According to documents filed with the lawsuit, an IU panel heard testimony from both students; they gave conflicting accounts about the night, with John reporting that he verbally asked Jane for consent.
The panel determined in November that John “did not know or reasonably should not have known that Complainant was incapacitated,” but also determined he “more likely than not” violated sexual consent code of conduct policies. The panel also determined John allowed that photo to be taken.
His punishment included a four-year suspension, a no-contact order with Jane Doe, and a prohibition to be on campus during the suspension. For a copy of the current lawsuit, click here… 395469534-John-Doe-v-Indiana-University-Title-IX-Violation-Complaint
For the full article, click here…
Dean of the Faculty of Arts and Sciences Claudine Gay said in an interview Wednesday that she is currently reviewing proposed changes to federal Title IX policy and would be “concerned” about any alterations that make it more difficult for people who have experienced sexual misconduct to report it.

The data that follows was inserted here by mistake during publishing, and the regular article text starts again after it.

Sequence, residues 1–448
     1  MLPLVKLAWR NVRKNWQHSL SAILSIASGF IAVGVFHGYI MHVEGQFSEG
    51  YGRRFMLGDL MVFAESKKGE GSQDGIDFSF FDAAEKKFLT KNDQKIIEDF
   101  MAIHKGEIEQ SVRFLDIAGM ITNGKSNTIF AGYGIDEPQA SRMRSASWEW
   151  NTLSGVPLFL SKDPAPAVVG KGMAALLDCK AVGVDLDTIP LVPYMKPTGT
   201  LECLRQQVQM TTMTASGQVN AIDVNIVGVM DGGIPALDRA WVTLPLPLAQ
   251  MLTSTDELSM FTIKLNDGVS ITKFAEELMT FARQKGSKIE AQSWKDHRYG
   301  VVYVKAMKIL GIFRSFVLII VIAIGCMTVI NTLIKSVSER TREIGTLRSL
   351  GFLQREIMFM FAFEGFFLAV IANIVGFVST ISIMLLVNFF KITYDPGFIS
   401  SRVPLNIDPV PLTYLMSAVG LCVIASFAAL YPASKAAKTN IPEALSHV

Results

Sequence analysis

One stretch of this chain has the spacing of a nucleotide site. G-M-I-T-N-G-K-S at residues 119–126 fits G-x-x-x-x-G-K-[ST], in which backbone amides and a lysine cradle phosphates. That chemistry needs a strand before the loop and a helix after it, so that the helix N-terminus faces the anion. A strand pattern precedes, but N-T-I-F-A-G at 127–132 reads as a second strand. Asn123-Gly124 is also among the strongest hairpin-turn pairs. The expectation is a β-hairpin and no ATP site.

The proposed regulations — released last month alongside a statement from U.S. Education Secretary Betsy DeVos — provide a new framework for interpreting Title IX, an anti-sex discrimination law that shapes the way universities address sexual harassment.
Under the new proposed rules — which could take effect in 2019 following a notice-and-comment period — universities would choose what standard of evidence to apply to cases of sexual misconduct, complainants and respondents of formal investigations would have the opportunity to question each other in a live hearing, and complaints of misconduct could not center on incidents that take place outside the bounds of a school “program or activity.” To read the full article, click here…